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The Battalion

The Student News Site of Texas A&M University - College Station

The Battalion

The Student News Site of Texas A&M University - College Station

The Battalion

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Effects of campus transportation on environment, health

Walking%2C+biking+and+riding+the+bus+are+all+ways+to+decrease+both+emissions+and+traffic+on+College+Station+roadways.
Photo by Photo by Jesse Everett

Walking, biking and riding the bus are all ways to decrease both emissions and traffic on College Station roadways.

Texas A&M provides a variety of transportation methods for students to navigate a large campus, but not all are equal in their effects on the environment and students’ health. 
Active transportation, or transportation created by exerting your own energy, is the most environmentally friendly method of travel, according to Ron Steedly, manager of alternative transportation for transportation services. Methods of active transportation include walking, biking and skateboarding.
Using a low-occupancy vehicle option such as driving a car or using a taxi service is one of the least environmentally friendly ways to travel. A bus, by comparison, holds more people and operates in a cycle that keeps it as full as possible for its operating term. 
Kelly Wellman, A&M’s director of sustainability, said the most sustainable or environmentally friendly way to commute is to use active transportation or go with the bus system instead of other motor vehicles.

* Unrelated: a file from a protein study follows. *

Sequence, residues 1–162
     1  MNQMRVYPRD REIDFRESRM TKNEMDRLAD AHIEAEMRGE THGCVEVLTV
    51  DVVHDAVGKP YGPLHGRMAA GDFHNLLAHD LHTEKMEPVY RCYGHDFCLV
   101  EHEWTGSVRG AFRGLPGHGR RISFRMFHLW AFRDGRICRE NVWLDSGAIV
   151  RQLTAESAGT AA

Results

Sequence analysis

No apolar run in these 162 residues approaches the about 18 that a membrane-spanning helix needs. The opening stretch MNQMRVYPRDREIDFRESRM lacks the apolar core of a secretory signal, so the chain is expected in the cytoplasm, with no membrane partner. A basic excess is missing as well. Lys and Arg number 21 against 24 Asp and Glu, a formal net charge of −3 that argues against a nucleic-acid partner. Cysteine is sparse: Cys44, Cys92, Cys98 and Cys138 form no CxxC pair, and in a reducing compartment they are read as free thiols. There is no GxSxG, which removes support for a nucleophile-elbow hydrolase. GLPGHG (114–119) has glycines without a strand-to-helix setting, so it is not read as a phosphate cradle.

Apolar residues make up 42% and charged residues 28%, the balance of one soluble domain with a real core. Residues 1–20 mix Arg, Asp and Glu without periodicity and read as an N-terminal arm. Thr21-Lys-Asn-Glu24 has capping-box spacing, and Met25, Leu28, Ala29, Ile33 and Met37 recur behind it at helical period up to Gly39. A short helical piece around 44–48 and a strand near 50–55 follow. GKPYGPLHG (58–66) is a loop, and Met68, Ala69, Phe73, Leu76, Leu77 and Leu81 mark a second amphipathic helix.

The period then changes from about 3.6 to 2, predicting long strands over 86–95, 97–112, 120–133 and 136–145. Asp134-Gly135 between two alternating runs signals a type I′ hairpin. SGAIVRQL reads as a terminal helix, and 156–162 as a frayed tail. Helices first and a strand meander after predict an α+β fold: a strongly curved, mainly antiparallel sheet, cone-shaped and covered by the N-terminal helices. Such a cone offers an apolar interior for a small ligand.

“I definitely promote riding the bus over a single occupancy vehicle,” Wellman said. “Certainly, riding bikes, skateboards, walking— all of those offer opportunities that improve air quality and improve other resource use.”
 The buses have a low mile-per-gallon usage compared to an average single occupancy vehicle. However, the buses’ ability to carry dozens of passengers at once makes it much more efficient in terms of fuel consumed per passenger, Steedly said.
  Although the buses are able to decrease traffic from the road by holding many passengers, the stop-and-go movement during traffic congestion does affect emissions, according to Joe Zietsman, agency assistant director and center director at the Texas A&M Transportation Institute. These emissions negatively affect people’s health and the older the bus is, the more negative of an impact it will have on health. 
 “In general, the emissions are much much higher because of those factors,” Zietsman said. “People are affected by vehicle emissions… if you are inside a bus, there’s a likelihood you could be affected by vehicle emissions. It depends on the age of the bus if you are going to be affected more or less and if there are any windows open, and things like that, you can be affected by a bus.”
 An alternative to taking buses is Ofo, a bike sharing program on campus, which had 28,625 rides during the month of July with 75 percent of the bikes being used. This translates to saving 2,556 pounds of carbon dioxide from being produced by motor transportation, according to Steedly’s collected data.
Ofo bikes provide an opportunity to exercise on a bike and work as a form of active transportation, but Zietsman urged students to avoid pollution while doing so. Zietsman said being exposed to exhaust from buses can affect allergies and worsen or cause asthma. Zietsman also said there can be other harmful long-term effects from emissions.
“Let’s say you ride the bus every day and you stand and wait and there’s buses coming by, research has shown that you could definitely contract asthma as a result of that,” Zietsman said. “Then there’s some long-term health implications as well that [are] well-documented in terms of heart and lung diseases that can be attributed to diesel emissions as well.”
Those participating in active transportation are more likely to be exposed to pollutants or harmful outputs from motor transportation if too close in proximity to exhausts, Zietsman said. The best way to avoid unnecessary exposure to harmful exhaust from motor transportation is to walk, bike or stand away from them.

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